Hinduism is often imbedded within Bollywood movies. These movies promote a nationalism that ties in religion and devotion to doing your duties. There are two main genres in Bollywood, which are devotional and mythological, which contribute to the idea that one should practice Hinduism and should stay devoted to it. These are genres considered to be the foundations for Bollywood cinema. The mythological genre sets a stage for what the devotion should look like, as well as shows deities to prove that they too follow dharmic ways. The devotional genre guides you through using the narratives of saints from the beginning of life to the end. Though both genres still adhere to the historical aspects of the film.

 

References and Further Readings

Dimitrova, Diana (2016) “Hinduism and Its Others in Bollywood Film of the 2000s” Journal of Religion and Film 20: 1-20.

Dimitrova, Diana (2010) “Religion and Gender in Bollywood Film.” In Religion in Literature and Film in South Asia edited by Diana Dimitrova, 69-81. London: Palgrave Macmillan.

Dwyer, Rachel (2006) Filming the Gods: Religion and Indian Cinema. New York: Routledge.

Lal, Vinay (2006) “Hinduism in Bollywood: A few notes.” University of Los Angeles. Accessed October 3, 2018. http://southasia.ucla.edu/culture/cinema/history-and-aesthetics/hinduism-and-bollywood/.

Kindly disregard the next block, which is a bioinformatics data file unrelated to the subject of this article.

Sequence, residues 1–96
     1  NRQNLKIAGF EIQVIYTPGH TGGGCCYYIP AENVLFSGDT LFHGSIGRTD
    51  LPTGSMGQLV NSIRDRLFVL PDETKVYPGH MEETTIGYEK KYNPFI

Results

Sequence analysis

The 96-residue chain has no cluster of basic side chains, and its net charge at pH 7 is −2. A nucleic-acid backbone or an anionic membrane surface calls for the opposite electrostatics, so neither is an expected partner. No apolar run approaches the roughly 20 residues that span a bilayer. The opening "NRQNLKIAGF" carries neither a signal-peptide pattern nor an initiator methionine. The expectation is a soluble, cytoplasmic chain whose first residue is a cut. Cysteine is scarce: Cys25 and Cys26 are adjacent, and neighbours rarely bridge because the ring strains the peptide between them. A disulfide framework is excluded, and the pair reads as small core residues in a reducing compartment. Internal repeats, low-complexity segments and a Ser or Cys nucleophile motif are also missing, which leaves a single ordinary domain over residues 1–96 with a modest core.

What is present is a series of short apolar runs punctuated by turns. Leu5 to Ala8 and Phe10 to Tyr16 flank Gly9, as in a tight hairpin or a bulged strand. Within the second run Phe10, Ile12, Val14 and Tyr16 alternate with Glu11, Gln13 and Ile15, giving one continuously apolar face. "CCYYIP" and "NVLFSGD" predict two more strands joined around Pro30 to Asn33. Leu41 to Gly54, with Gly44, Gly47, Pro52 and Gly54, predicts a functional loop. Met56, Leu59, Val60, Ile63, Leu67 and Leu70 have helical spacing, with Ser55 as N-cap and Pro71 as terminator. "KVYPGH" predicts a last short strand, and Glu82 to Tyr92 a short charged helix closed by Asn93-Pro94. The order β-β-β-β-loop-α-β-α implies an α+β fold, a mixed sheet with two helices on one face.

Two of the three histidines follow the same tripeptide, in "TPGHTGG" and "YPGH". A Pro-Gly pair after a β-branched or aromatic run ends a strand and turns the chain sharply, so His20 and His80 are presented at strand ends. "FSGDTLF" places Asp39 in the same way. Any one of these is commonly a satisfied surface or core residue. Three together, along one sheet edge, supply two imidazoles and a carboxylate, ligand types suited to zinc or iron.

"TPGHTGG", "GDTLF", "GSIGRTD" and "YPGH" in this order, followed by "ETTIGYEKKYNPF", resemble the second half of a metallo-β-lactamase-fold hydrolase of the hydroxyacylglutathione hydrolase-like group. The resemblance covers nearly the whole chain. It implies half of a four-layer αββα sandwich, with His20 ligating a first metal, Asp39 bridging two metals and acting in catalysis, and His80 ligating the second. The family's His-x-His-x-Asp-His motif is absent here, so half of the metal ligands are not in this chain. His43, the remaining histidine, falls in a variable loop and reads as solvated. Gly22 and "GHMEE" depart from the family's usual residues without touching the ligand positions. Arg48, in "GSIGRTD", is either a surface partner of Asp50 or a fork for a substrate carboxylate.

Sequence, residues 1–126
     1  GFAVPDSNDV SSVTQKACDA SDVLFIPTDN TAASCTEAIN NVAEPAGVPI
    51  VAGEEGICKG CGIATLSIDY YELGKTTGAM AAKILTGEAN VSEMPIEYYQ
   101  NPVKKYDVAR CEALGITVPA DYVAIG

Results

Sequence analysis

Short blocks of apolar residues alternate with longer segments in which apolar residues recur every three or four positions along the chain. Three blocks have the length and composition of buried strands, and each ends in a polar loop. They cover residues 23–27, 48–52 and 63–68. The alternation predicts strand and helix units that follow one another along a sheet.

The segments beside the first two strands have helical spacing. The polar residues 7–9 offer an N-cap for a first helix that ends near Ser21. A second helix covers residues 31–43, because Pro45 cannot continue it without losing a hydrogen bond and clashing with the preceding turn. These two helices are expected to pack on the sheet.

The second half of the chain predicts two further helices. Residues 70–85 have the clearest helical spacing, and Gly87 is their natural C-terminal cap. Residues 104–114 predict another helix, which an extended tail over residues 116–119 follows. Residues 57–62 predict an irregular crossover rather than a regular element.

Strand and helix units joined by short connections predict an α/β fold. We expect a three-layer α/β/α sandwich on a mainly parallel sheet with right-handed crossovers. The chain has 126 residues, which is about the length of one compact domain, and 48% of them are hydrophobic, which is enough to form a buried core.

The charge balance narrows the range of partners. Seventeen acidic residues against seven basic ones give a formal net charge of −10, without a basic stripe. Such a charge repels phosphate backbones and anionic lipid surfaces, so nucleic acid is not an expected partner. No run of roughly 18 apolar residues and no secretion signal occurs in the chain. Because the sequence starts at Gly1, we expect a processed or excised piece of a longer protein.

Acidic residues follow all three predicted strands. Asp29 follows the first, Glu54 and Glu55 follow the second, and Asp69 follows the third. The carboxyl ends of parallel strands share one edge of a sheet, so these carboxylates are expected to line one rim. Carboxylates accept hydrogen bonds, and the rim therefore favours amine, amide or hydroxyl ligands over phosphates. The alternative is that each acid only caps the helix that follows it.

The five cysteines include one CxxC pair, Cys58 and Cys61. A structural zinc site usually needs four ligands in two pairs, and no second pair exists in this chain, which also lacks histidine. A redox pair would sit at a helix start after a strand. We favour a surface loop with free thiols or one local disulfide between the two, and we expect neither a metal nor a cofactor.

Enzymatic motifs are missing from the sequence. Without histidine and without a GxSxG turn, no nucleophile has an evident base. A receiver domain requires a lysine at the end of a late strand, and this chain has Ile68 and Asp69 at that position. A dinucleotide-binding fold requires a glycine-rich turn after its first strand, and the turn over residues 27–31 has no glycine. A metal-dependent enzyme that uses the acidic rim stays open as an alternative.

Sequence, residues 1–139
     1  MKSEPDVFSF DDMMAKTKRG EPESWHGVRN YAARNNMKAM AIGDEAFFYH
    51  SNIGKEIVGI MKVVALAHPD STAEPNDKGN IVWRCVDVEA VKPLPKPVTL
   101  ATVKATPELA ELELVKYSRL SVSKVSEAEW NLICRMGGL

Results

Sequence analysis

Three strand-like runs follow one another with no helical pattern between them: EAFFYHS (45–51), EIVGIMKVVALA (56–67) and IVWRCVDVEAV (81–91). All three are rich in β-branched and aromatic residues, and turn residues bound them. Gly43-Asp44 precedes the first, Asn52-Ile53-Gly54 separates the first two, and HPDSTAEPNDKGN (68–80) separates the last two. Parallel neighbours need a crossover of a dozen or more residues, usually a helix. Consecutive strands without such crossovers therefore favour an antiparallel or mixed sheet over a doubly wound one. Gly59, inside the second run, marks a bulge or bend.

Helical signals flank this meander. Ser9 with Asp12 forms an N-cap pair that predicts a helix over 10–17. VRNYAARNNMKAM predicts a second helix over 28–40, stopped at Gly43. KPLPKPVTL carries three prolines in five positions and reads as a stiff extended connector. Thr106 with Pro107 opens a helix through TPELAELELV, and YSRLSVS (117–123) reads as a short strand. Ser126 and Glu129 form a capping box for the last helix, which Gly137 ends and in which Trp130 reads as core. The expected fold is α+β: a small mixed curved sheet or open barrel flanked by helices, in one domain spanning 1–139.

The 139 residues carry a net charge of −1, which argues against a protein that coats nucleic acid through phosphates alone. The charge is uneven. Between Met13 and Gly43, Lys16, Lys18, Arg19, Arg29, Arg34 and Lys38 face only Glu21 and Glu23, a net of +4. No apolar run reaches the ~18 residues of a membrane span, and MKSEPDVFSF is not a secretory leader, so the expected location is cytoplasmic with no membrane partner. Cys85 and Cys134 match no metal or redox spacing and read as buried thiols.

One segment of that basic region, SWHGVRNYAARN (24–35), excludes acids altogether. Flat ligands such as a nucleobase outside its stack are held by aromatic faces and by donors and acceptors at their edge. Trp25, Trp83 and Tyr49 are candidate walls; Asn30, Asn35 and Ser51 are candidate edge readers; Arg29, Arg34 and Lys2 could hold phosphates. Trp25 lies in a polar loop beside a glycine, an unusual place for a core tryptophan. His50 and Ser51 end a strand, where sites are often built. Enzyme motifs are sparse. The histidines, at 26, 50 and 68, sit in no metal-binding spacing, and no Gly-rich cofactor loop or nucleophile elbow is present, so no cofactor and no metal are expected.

Mazur, Eric Michael (2011) Encyclopedia of Religion and Film. Denver: Greenwood.

Related Topics for Further Investigation

Mahabharata

Ramayana

Sita

Draupadi

Dhundiraj Govind Phalke

Pativrata

Bhakti

Vratkathas

Rama

Kauravas

Pandavas

Bhagavad Gita

 

Noteworthy Websites

http://abith.weebly.com/hinduism-and-bollywood.html

https://en.wikipedia.org/wiki/Anti-Hindu_sentiment

https://en.wikipedia.org/wiki/Bollywood

This article was written by:  Kailea Long (Fall 2018) who is solely responsible for its content.

Hinduism in Tamil Cinema

Tamil cinema is a difficult term to firmly define, and is a part of the much wider used term of ‘Indian Cinema’. A brief history of the development of Tamil cinema and of the politics surrounding it is helpful in understanding how and why Tamil cinema portrays Hinduism the way it does.